Fortunately, there are ways other than getting married for committed couples to protect each other. Through a little careful estate planning with the help of a qualified attorney, unmarried couples can set in place largely the same safety nets that married couples are granted. It will likely cost much less than a wedding. 

What Documents Should Committed but Unmarried Couples Have in Place?

It is important that couples who intend to stay together in a committed, long-term relationship address a few estate planning issues so that they will be well-prepared and protected in the event that one partner becomes incapacitated or passes away during the relationship. Some smart tactics these couples can use include: 

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Lombard estate planning lawyerWhen you think of estate planning, you probably think of wills and trusts - the ways people decide how their property should be distributed after they pass away. This is known as testamentary planning. It is a very important goal of estate planning. However, there is another side of estate planning that addresses what will happen to both you and your belongings later in life should you one day lose the capacity to make your own decisions. This is known as incapacity planning. A comprehensive estate plan will involve both testamentary planning and incapacity planning.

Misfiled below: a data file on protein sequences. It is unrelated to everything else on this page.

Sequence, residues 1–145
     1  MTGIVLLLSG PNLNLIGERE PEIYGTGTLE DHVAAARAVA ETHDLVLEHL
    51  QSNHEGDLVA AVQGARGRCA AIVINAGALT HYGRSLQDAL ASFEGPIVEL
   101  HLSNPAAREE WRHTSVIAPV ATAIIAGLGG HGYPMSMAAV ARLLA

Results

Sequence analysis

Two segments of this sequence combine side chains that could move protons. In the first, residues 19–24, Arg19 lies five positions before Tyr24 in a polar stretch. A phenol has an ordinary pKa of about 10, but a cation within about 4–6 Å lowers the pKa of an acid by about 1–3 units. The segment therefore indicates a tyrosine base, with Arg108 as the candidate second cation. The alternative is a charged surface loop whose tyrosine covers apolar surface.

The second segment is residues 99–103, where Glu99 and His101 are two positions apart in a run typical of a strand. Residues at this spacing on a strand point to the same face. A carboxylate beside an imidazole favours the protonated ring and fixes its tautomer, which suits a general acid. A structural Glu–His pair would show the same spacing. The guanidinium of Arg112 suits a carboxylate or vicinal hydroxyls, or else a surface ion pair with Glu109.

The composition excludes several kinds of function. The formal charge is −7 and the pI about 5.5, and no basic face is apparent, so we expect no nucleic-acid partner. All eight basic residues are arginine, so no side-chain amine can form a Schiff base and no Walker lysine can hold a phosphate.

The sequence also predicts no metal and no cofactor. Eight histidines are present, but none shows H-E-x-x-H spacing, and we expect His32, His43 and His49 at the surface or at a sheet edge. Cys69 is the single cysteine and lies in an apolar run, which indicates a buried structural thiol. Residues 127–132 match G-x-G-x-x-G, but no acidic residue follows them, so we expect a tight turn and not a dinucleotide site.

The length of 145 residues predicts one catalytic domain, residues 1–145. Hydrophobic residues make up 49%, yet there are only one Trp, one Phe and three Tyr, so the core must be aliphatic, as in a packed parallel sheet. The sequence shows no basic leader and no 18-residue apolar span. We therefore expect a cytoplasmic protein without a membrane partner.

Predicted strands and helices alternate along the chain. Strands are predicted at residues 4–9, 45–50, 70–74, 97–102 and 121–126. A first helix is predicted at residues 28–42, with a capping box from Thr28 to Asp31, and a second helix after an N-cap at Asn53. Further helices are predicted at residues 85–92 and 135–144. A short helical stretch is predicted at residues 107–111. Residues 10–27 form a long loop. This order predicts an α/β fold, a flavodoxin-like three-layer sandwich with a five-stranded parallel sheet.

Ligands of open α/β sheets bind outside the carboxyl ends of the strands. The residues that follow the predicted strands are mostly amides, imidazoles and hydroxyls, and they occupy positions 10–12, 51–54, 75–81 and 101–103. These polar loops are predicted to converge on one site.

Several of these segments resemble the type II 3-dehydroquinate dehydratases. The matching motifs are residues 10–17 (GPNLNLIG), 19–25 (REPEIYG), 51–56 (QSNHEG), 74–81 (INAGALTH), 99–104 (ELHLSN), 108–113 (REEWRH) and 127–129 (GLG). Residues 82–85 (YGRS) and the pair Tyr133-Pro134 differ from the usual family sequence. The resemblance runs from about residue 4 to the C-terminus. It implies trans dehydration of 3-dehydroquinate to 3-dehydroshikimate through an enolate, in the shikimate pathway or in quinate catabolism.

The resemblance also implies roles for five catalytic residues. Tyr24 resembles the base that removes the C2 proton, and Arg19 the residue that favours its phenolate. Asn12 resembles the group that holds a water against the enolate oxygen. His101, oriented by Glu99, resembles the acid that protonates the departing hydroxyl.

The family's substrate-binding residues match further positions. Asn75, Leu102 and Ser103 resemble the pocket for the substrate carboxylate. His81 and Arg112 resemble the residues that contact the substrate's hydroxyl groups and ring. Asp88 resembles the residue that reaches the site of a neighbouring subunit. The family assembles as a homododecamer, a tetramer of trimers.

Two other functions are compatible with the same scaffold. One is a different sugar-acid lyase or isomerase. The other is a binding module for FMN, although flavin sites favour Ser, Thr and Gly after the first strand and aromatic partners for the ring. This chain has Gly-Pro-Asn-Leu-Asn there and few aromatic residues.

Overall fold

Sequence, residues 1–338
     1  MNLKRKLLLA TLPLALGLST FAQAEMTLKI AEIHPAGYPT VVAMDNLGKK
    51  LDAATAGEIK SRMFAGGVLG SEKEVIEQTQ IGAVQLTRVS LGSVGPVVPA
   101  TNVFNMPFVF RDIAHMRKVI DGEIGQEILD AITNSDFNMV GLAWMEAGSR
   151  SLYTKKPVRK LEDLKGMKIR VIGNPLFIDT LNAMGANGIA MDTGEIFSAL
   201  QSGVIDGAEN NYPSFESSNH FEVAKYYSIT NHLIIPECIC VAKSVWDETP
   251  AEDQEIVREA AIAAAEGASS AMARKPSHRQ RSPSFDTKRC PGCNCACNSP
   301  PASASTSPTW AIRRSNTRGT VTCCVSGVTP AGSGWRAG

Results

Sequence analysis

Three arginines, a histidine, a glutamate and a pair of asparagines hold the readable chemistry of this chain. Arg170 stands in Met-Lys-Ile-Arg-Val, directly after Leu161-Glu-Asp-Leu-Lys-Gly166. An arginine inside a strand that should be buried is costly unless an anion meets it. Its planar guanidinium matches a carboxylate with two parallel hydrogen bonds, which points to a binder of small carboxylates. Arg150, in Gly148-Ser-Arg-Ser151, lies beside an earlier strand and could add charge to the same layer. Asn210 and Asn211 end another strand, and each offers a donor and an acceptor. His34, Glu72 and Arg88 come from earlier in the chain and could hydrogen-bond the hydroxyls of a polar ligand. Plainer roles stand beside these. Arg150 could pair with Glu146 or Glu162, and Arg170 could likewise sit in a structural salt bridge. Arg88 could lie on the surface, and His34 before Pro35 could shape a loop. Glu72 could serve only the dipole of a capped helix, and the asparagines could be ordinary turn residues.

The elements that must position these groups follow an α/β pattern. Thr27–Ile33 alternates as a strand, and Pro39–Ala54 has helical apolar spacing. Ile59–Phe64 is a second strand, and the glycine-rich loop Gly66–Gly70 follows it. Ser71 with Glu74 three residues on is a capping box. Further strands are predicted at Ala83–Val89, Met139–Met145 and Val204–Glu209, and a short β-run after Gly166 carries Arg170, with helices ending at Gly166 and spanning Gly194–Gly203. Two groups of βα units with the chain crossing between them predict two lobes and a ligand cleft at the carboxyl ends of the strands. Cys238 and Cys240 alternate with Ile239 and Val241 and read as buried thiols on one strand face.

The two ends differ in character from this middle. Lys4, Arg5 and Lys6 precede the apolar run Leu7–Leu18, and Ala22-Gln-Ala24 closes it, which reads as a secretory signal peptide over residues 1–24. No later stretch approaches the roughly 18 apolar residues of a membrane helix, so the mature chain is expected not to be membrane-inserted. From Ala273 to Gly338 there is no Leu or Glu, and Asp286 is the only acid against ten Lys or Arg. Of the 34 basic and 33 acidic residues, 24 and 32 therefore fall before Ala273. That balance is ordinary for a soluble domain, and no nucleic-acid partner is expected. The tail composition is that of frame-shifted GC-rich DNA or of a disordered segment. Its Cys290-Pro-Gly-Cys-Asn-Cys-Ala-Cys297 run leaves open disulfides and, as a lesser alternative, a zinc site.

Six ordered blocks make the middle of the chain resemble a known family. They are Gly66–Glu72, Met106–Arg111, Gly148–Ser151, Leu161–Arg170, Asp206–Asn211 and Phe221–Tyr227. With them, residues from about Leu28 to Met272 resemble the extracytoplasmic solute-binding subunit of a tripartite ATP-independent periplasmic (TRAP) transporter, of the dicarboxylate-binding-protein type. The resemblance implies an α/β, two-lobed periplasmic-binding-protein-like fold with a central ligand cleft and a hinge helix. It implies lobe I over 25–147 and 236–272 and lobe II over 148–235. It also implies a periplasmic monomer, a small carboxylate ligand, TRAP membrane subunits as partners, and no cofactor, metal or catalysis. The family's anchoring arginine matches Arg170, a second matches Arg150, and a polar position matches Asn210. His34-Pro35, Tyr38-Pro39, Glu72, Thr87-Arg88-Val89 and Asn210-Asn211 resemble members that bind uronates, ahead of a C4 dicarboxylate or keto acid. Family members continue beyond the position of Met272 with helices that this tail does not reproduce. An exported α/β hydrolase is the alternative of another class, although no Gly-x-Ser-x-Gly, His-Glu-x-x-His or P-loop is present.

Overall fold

What is Testamentary Planning?

Testamentary planning is the classic form of estate planning. During this process, you will decide who should receive your property when you are gone. The two most common instruments for testamentary planning are wills and trusts. In modern times, trusts are increasingly becoming the preferred vehicle for transferring assets. They offer a number of advantages, most notably by allowing you to bypass probate. 

However, parents and guardians of minor children will generally be advised to use a will in addition to any trust, as it is through a will that an alternate guardian can be named for the children. 

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b2ap3_thumbnail_shutterstock_1277271616.jpgEven after going your separate ways in an Illinois divorce, your ex will still have a significant impact on your life when you share children. For many divorced couples, raising children after a divorce is a very challenging issue, and finding an arrangement that works can be frustrating and time-consuming. When parents struggle to work within traditional parenting agreement constructs, it may be helpful to get creative and turn to alternative methods of co-parenting. Depending on your needs, one of these three unique co-parenting methods may be helpful. 

Parallel Parenting